While the legislative history of Education Code section 44237 is somewhat complicated, it confirms this interpretation, and also reflects the Legislature’s apparent intent to accommodate home schooling parents.

The most logical interpretation of subsequent legislative enactments and regulatory provisions supports the conclusion that a home school can, in fact, fall within the private school exception to the general compulsory education law.

We therefore conclude that home schools may constitute private schools.

While the interpretation of the private school exemption is ultimately an issue for the courts, we find it significant that education and enforcement officials at both the state and local levels agree that home schools may constitute private schools.

In short, the rule of Turner and Shinn has been discounted as a doctrinal anachronism, and clinging to such precedent would undermine a practice that has been, if not actively encouraged, at least acknowledged and accepted by officials and the public for many years.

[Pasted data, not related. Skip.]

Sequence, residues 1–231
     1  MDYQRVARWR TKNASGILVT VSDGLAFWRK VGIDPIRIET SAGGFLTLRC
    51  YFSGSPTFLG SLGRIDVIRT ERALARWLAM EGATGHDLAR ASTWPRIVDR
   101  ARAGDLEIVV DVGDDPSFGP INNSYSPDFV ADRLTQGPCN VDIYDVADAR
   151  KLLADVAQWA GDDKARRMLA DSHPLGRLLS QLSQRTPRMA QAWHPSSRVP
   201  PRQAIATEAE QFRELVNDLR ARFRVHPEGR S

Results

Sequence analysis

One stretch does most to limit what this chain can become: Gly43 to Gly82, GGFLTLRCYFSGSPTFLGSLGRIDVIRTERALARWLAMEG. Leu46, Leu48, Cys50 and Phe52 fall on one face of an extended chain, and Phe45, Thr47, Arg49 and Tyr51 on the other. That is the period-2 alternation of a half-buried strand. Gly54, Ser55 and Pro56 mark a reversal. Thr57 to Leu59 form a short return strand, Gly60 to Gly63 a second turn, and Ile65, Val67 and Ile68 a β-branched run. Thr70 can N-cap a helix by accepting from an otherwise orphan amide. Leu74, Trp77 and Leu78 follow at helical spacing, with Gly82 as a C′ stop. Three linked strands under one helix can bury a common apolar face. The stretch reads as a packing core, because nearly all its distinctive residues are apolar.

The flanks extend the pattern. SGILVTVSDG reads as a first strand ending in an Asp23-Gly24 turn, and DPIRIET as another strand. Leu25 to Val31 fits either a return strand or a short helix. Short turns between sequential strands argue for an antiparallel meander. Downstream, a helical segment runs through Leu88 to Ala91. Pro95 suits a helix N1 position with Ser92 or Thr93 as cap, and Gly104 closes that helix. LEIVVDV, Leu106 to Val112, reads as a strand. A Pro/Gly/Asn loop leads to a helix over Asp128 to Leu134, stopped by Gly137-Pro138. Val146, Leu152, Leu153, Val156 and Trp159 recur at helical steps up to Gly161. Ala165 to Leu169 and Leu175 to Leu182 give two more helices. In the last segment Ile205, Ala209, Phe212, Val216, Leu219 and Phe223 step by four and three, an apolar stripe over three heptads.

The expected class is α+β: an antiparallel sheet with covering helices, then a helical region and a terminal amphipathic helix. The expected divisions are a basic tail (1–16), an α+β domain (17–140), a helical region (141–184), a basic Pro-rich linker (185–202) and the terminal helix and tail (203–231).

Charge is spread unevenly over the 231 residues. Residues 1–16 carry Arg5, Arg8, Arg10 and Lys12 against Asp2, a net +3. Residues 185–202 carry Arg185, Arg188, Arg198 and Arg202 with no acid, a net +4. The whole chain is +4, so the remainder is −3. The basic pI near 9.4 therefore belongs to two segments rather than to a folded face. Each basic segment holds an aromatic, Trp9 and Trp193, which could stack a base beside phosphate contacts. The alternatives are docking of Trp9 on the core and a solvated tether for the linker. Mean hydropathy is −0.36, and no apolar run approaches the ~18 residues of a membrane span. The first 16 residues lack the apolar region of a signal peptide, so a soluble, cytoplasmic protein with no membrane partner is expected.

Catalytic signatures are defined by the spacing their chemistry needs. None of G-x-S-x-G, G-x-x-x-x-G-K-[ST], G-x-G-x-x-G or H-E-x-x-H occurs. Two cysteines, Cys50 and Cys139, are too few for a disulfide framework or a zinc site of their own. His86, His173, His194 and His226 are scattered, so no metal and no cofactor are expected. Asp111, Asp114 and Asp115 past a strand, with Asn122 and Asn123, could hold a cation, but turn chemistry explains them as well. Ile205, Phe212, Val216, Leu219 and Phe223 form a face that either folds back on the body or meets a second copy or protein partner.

Favorable Development in the California Homeschooling Case

From the HSLDA website:


Favorable Development in the California Homeschooling Case

Thank you for your continued prayers for the California homeschooling case, In re Rachel L. Home School Legal Defense Association has learned that the juvenile court judge terminated jurisdiction over the two youngest L children in a hearing held on July 10, 2008. Mr. L is represented by Gary Kreep, who is the director of the California-based United States Justice Foundation, which has long been a close ally of HSLDA and homeschoolers in California.

Two years ago, the children’s court-appointed lawyers had asked that the two children be ordered to attend a school outside the home. That request became the basis for the court’s February ruling that homeschooling is illegal in California. The appellate court later vacated its own decision and set the case for rehearing. Oral argument on the rehearing was held on June 23, 2008 and a decision could be handed down at any time.

Mr. L’s appellate attorneys with the Alliance Defense Fund will be making the appellate court aware of this new development immediately. They will move to dismiss the petition pending in the court of appeal on the ground that the petition is now moot. In other words, the children are no longer under the jurisdiction of the juvenile court. Therefore, any decision by the appellate court based on the two-year-old petition could not be enforced against the L children.

“This is a significant favorable development toward preserving homeschooling freedom in California,” said Mike Farris, Chairman and Founder of HSLDA.